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spiralling Average house price surged €28k last year despite nearly one in 20 homes being vacant

More than 90,000 homes vacant

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The average price of a house shot up by close to €28,000 last year as a shortage of properties to buy and strong demand combined to send values spiralling upward.

Despite the chronic lack of supply, nearly one in 20 homes is vacant, according to a wide-ranging analysis by GeoDirectory database.

The database was set up by An Post an d Ordnance Survey Ireland to create a list of commercial and residential buildings.

Property prices rose in all 26 counties last year.

The national average house price during the year to last October was €321,596.

This was up 9.4pc, or €27,655, compared with the previous 12-month period to October 2020.

A number of rural counties saw huge leaps in property prices due to remote working becoming more popular.

Prices were up 18pc in Sligo, 17pc in Mayo and by 16pc in Longford.

Dublin remains the most expensive location to buy a house in Ireland, with an average price of €496,652.

Neighbouring counties Wicklow, with average prices of €428,493, and Kildare at €338,874, were the only other counties with residential property prices higher than the national average.

The lowest average house price in the year to last October was recorded in Longford, at €142,298.

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Statisticians said this was a 64pc increase from the average price in 2016 of €87,000.

Meath, Cork, and Galway were other counties to record average house prices above €250,000.

Properties in Dún Laoghaire-Rathdown, at an average of €686,393, remained the most expensive, having risen by 14.8pc in a year, faster than any other city council area.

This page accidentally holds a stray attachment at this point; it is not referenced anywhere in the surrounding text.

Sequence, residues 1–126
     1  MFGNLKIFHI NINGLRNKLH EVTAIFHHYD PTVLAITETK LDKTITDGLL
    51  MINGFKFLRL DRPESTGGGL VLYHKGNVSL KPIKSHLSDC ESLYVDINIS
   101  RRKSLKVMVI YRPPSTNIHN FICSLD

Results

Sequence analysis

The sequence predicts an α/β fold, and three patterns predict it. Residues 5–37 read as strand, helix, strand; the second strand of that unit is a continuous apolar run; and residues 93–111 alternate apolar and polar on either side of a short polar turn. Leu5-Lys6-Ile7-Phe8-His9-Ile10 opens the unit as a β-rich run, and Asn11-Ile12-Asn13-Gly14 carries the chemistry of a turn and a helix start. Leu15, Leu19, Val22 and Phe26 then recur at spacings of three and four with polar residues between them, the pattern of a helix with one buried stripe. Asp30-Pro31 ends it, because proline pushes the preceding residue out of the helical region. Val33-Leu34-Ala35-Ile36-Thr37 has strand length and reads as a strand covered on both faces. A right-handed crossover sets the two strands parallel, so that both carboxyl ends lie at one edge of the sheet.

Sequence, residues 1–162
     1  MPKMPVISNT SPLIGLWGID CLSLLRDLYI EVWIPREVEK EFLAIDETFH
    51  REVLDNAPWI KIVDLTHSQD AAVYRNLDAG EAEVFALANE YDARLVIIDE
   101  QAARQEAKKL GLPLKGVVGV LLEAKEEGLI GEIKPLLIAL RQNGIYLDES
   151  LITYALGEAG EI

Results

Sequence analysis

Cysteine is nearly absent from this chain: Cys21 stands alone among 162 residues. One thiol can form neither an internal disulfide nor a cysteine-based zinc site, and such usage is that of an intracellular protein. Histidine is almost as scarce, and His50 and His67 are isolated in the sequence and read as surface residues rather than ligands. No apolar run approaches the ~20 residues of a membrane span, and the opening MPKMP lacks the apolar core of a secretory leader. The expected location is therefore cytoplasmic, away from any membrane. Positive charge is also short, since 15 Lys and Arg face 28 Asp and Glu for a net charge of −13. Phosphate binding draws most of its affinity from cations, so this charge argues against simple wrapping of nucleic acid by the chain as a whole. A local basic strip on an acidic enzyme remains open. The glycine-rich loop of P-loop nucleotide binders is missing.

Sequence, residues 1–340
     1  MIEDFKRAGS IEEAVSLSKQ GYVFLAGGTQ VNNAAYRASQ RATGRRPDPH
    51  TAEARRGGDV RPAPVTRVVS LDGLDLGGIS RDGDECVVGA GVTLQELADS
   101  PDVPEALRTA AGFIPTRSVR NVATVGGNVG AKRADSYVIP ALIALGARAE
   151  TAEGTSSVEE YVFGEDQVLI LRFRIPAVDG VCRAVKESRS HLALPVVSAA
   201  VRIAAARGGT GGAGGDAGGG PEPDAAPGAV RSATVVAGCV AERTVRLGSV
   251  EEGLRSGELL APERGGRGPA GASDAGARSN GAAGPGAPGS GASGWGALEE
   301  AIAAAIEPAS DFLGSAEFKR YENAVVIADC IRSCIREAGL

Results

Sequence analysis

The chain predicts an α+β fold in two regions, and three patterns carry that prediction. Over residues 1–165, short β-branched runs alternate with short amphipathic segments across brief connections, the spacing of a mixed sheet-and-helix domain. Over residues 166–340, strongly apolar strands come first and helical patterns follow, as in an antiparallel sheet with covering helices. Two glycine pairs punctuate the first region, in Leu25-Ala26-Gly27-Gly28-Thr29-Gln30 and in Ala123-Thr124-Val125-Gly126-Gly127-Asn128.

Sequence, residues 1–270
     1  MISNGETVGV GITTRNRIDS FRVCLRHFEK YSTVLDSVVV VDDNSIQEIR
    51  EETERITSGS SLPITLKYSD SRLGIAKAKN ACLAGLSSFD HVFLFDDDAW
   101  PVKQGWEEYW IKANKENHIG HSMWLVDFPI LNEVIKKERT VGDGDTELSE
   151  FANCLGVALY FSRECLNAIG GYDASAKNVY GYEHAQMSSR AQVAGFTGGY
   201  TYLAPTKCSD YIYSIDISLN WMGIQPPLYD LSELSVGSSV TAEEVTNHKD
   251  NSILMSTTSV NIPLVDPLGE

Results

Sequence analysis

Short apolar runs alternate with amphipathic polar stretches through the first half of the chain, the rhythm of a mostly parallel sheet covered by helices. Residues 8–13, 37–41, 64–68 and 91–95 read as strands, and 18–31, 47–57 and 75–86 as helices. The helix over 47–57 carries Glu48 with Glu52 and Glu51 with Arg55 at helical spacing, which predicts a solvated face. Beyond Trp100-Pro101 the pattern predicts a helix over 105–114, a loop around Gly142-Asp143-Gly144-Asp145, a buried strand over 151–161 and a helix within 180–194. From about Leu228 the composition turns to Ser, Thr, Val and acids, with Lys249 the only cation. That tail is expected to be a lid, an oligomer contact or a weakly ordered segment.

There were 90,158 vacant dwellings recorded in the State.

This represents 4.4pc of the national housing stock, or almost one in 20 homes.

However, year-on-year residential vacancy rates decreased in 20 of the 26 counties.

The lowest residential vacancy rates in the country were found in Dublin, Kildare, and both Waterford and Louth.

The three counties with the highest residential vacancy rates in quarter four of 2021 were Leitrim, Mayo and Roscommon.

There were almost 21,000 derelict residential units in the State in December, a 7.3pc drop in the number of units since December 2016, according to the analysis that was carried out with the help of EY Economic Advisory.

Some 18,047 new residential address points were added to the GeoDirectory database last year, representing a 17.4pc decrease on the total added in 2020.

The database shows that 19,495 residential buildings were under construction at the end of last year, a 16.5pc increase year-on-year.

Chief executive of GeoDirectory, Dara Keogh, said Covid-19 has proved to be a substantial speed-bump for the delivery of housing supply in Ireland.

“The knock-on impact of the closure of construction sites in early 2021 can be seen in the relatively low number of new address points added to the GeoDirectory database.”

But residential construction activity has rebounded strongly since reopening fully in April, he said.

Director of EY Economic Advisory, Annette Hughes, said the vacant and derelict homes should be investigated to see if they can be returned to the housing stock, a move which would also support our retrofitting targets.

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